Many business owners operate multiple businesses and there’s a good reason for that: Once you have one business and business structure in place, it’s much easier to get a new business off the ground than if you had to start from scratch each time.
At some point in your entrepreneurial life you may come upon an idea or opportunity too good to pass up. But you have no intention to stop operating your current business. So, the question becomes how should you structure the new business—should it be a part of the original business, a spin-off (or “Doing Business As”), or a completely separate business with a holding company as the overall controlling entity?
A holding company is a legal entity (usually a corporation or Limited Liability Company (LLC)) that retains a controlling interest in one or more companies termed subsidiaries. Also known as a “parent” company or “umbrella” company, a holding company serves as asset protection and helps to limit liability risks among all the subsidiaries.
The biggest reason for creating a holding company is to limit liability risks among the subsidiary businesses in your corporate umbrella. The holding company actually owns each business’s assets, instead of each operating entity owning their own. Therefore, in case of legal or financial risk, the businesses and the owner are (mostly) protected from liability. In addition, a holding company can also own:
- Stock and securities
- Intangible assets such as trademarks, patents, copyrights
- Real estate
- Any number of businesses
The holding company serves as the administrator to the subsidiary entities but has no direct operations tied to it. Again, it owns the assets required to operate the LLCs beneath it.
Advantages of the Holding Company
In general, the activities of one subsidiary does not affect the activities of another subsidiary under the same parent company. Also, as long as the holding company has not actively participated in the operations of a subsidiary, the holding company cannot be held liable for that subsidiary. There are exceptions, of course. The exceptions are when the subsidiary and holding corporation have “pierced the corporate veil,” meaning have knowingly committed some sort of fraud or negligence.
Each subsidiary under the holding company is its own separate company, too. If you decide to form LLCs for each subsidiary, each one is responsible for registering with the state, filing separate Articles of Organization, having separate operating agreements, bank accounts, payroll and filing separate tax documents. Fortunately, that also means you as the owner of the holding company can raise separate monies, attract investors, and create partnerships for each subsidiary, which may be far easier than attracting investors for a bigger corporation with many divisions.
Whether the holding company is an LLC or a C Corp and owns more LLCs or C Corps doesn’t matter except when it comes to filing taxes. If the LLC holding company owns a corporation, the LLC holding company must elect C Corp tax status.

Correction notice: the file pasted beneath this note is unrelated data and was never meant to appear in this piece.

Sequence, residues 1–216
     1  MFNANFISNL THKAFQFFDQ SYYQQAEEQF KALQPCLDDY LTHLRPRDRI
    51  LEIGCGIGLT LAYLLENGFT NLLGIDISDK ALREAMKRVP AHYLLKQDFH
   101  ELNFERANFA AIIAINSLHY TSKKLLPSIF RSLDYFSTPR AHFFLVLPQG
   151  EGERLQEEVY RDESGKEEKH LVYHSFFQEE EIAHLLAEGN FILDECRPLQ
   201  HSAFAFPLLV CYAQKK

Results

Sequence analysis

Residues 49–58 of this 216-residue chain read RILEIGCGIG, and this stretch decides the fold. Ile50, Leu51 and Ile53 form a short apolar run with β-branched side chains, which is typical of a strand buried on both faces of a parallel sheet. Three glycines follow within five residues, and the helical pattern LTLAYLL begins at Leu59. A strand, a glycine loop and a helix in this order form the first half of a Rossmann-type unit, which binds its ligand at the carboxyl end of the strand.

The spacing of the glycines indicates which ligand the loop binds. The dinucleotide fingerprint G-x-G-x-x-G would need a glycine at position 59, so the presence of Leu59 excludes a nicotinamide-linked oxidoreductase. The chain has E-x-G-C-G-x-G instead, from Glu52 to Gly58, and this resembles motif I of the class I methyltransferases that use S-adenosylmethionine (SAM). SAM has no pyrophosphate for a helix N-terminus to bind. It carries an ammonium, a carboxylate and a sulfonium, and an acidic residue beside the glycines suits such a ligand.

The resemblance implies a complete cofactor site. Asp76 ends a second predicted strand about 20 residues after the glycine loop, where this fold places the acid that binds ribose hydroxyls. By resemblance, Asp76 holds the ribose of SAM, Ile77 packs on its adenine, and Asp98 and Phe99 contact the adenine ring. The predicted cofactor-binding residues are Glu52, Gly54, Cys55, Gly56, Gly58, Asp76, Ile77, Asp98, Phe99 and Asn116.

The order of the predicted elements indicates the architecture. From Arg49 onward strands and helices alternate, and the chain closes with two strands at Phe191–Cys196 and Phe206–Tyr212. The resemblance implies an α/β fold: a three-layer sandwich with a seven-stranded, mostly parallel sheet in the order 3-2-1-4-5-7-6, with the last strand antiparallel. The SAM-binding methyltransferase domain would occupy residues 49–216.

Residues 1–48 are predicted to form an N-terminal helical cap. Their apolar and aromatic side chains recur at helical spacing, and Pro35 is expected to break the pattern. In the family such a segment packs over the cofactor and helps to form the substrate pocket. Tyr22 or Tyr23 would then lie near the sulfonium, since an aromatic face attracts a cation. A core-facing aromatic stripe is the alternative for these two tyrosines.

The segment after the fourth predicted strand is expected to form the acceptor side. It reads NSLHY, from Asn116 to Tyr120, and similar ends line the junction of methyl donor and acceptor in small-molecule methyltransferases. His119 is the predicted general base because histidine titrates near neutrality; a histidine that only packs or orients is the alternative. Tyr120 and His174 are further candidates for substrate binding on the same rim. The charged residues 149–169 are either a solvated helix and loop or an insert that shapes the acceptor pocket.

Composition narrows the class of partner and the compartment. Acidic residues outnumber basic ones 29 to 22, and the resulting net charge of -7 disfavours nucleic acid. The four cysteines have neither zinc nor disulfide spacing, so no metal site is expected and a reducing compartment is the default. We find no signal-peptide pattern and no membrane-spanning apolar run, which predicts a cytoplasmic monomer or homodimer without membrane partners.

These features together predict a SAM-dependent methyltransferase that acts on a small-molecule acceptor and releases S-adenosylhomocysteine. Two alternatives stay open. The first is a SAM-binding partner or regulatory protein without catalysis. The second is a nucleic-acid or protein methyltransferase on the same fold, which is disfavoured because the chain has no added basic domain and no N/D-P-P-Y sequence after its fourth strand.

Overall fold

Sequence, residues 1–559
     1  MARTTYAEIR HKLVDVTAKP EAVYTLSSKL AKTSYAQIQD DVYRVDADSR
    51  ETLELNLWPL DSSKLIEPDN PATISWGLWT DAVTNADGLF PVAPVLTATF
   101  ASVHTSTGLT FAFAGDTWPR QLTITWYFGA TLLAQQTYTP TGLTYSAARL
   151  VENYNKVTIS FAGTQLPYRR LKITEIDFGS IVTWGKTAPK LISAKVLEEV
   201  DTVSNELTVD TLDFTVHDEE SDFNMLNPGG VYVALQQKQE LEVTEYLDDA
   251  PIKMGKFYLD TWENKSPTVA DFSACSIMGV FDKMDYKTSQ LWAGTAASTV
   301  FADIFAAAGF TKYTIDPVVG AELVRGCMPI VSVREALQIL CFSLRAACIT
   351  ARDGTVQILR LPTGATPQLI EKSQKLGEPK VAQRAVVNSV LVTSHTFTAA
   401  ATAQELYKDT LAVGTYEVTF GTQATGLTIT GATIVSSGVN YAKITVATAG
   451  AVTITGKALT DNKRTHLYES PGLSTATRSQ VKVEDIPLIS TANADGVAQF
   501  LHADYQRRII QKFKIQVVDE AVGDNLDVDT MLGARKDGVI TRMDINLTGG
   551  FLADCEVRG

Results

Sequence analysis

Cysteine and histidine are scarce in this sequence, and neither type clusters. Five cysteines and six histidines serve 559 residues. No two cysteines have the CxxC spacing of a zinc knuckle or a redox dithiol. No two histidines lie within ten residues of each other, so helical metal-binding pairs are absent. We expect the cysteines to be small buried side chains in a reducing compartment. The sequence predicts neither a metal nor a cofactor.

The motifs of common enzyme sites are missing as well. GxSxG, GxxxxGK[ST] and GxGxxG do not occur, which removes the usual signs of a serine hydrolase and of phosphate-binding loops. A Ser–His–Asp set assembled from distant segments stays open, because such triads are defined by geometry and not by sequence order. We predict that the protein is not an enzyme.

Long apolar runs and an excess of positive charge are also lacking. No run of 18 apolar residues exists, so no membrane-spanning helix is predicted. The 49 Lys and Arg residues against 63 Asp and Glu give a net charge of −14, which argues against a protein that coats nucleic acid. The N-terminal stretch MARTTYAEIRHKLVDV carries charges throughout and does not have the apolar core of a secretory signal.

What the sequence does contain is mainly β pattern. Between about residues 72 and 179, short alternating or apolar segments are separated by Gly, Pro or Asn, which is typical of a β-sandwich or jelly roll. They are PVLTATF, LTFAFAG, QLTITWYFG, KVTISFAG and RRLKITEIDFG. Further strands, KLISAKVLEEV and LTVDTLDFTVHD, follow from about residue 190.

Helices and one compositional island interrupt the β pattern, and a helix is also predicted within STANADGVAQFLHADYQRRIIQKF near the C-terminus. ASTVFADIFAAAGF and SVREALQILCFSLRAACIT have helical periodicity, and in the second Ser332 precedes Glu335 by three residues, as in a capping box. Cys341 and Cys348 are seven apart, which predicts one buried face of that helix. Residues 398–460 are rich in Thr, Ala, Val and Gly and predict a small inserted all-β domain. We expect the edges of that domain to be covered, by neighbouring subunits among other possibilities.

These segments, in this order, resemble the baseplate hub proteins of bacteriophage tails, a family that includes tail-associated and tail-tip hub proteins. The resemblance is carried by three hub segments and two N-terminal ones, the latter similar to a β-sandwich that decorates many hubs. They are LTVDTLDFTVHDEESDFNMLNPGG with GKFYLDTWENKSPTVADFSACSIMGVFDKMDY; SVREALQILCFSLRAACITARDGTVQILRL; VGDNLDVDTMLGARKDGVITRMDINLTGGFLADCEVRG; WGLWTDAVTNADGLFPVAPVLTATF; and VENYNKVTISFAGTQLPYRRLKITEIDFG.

Setting Up a Holding Company
To benefit from the liability protection of a holding company, you’ll want to set up the holding company as a corporation or LLC.
Corporations offer personal liability protection for owners and shareholders because the corporation is a separate legal entity and all actions of the corporation belong to the corporation only. A corporation can also sell stock or shares and if you ever plan to go public, the business must be structured as a C Corporation. Because the corporation is a separate entity, the profits and losses of the corporation are reserved for the corporation. If owners or shareholders receive dividends, they are taxed on their shares.
The biggest complaint about becoming a C Corp is the amount of paperwork, filing fees, and deadlines. C Corps must adopt bylaws, hold annual director and shareholder meetings, and keep meeting minutes with corporate records.
However, many businesses form C Corps because liability protections are advantageous. Also, the Tax Cuts and Jobs Act reduced the corporate tax rate from 35 percent to 21 percent, which makes the C Corp legal structure even more appealing.
Limited Liability Companies
A limited liability company also offer protection from personal liability and have less stringent requirements than C Corps. Owners of the LLC are called “members” and can choose whether they want to be taxed as a sole proprietorship, partnership, S Corp or C Corp. In general, an LLC does not need to have an annual meeting nor a board of directors, however, it should have an operating agreement, so members are clear on organizational structure. LLCs cannot issue stock to raise capital.
Your holding company should have an appointed board of directors to govern the holding company and manage the subsidiaries.
Note: A sole proprietorship is not eligible to be a holding company because it isn’t registered with a state.
CorpNet Can Help!
Once you’re ready to set up your holding company, it’s important to create a business plan and strategy to acquire or start new subsidiaries. Go over the plan with your attorney and financial advisor to work out any kinks.
When you’re ready to incorporate, contact CorpNet to help you with all your business registration filings! We can save you time and money when preparing and submitting your paperwork.